The story of the castle starts with a man in search of rare plants; he built a luxurious cliff top mansion here in 1775 and called it High Cliff House. Sadly, in 1792 having suffered a fall of nearly 28ft down the cliff in search of a specimen, he died. All that remains of High Cliff House is the two entry lodges, now the Lord Bute Restaurant.


In the following years there were several owners of the site until 1830 when his Grandson, Lord Stuart De Rothesay built the castle that stands today, known as Highcliffe Castle.

Highcliffe Castle was built between 1831-1836 and was the realisation of one man’s fantasy, that of Lord Stuart de Rothesay. While serving as the diplomatic advisor in Paris he had a large amount of medieval French masonry shipped across the Channel to Steamer Point. The Castle has been described as the most important surviving house of the Romantic and Picturesque style of architecture. Britannica define this style as “having the aesthetic quality existing between the sublime and the beautiful with irregularity, asymmetry and interesting textures.” This style flourished at the end of the 18th century and the beginning of the 19th century.


The castle played host to many important guests during its glittering hayday with royalty from France, Germany, Holland, Spain, Greece, Italy, Sweden and Norway visiting which amounted to six Kings, ten Queens, ten Princes and twelve Princesses visiting.


Other famous visitors include:


  • William Gladstone, four times Prime Minister between 1874 and 1892.
  • Dame Nellie Melba the Australian soprano whom Peach Melba, the pudding, is named after.
  • Nancy Mitford, Author and one of the Mitford Sisters.
  • Harry Gordon Selfridge, or Selfridge’s Department Store. He, his wife and his mother are buried in St Marks churchyard across the road from the castle.
  • Claude Grahame-White stayed during 1910 so that he could compete in the Bournemouth Aviation Meeting. This is the event where Charles of Rolls-Royce died.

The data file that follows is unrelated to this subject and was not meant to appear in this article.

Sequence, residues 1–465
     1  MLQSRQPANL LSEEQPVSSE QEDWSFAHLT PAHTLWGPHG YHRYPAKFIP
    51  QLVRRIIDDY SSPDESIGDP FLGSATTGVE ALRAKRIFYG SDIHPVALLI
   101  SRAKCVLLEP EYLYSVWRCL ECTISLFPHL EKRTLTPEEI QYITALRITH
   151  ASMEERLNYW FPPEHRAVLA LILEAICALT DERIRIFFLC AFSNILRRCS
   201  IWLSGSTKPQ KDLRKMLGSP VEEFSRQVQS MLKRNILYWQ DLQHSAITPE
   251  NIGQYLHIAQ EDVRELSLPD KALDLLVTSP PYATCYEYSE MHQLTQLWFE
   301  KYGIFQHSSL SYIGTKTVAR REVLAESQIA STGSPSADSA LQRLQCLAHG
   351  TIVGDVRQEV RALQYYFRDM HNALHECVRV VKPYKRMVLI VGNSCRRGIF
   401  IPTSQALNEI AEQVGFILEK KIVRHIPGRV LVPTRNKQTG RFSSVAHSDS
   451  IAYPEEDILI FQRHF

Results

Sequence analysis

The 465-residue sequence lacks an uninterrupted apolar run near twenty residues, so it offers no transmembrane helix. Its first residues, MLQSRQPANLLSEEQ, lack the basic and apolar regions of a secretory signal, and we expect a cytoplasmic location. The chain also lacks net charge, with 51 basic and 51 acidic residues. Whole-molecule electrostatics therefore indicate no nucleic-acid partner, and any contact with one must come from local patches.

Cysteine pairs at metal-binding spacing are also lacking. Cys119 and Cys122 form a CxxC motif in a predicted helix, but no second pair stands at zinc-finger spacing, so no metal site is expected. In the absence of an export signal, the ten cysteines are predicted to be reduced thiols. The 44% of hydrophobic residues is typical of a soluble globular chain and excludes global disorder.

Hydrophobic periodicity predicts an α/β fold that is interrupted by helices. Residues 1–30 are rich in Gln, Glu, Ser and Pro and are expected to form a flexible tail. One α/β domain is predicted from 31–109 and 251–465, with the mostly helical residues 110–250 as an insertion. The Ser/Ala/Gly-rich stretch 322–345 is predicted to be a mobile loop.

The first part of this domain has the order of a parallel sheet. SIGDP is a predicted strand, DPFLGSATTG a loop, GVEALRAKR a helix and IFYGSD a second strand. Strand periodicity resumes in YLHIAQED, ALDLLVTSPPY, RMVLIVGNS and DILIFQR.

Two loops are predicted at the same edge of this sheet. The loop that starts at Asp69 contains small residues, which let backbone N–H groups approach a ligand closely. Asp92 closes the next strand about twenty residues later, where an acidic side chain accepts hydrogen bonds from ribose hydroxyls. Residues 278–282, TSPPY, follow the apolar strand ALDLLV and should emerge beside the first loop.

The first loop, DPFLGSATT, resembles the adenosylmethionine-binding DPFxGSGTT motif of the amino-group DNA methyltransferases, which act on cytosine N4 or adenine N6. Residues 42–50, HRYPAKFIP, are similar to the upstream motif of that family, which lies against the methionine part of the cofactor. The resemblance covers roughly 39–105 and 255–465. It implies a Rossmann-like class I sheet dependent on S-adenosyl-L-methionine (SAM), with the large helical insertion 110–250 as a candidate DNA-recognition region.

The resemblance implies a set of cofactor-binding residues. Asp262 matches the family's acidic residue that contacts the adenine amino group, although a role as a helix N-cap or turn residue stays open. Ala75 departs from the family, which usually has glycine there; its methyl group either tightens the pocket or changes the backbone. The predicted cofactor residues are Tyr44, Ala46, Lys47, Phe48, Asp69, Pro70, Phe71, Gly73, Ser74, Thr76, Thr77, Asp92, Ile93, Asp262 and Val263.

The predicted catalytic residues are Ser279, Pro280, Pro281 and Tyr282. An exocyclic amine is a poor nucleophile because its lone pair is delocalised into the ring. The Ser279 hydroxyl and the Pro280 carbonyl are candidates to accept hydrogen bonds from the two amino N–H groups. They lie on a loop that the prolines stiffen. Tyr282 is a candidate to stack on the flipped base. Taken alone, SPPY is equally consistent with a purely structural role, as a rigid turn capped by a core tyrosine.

In the 1950’s the Stuart-Wortley family sold all the furnishings of the house before selling the house, it then became a children’s convalesce home.

1952 saw the castle be sold again, this time sections of the grounds were sold off to build housing.

1953 – the castle had been bought for £14,000 by three senior Roman Catholic priests from the Claretian Missionary Congregation

1967 – The castle was again up for sale as the priests could not keep up with the rising costs. This time it was bought by three local business men. Prior to the sale the castle is badly damaged by fire. Further exposure leads the castle to further deteriorate.

1977 – Christchurch council compulsory purchase the castle

1990 – Scaffolding was erected around the castle to keep it from decaying further

1994 – With funding from Christchurch Council and English Heritage work was started to provide new roof and repair the exterior masonry as well a to repair the south wing.

1995 – Saw the Winter Garden open as the visitor centre

2007 – Greendale Construction were awarded a contract to upgrade the Great Hall to allow functions all year round, refurbish the dining room to allow for wedding receptions  and to create a level access for those with limited mobility.

2016 – Second Heritage Lottery Fund was awarded. This phase will see the restoration of the East Wing.

2017 – Works have started for the latest phase of the restoration with Greendale starting these works in June.


For years the castle has played host to royalty, the rich and famous. For a period it was fit only for roosting bats but through the support of the public, the heritage lottery fund, Christchurch Council, and many others we now host classes, events, weddings and heritage visitors… and it all came from one man’s fantasy, that of Lord Stuart De Rothesay.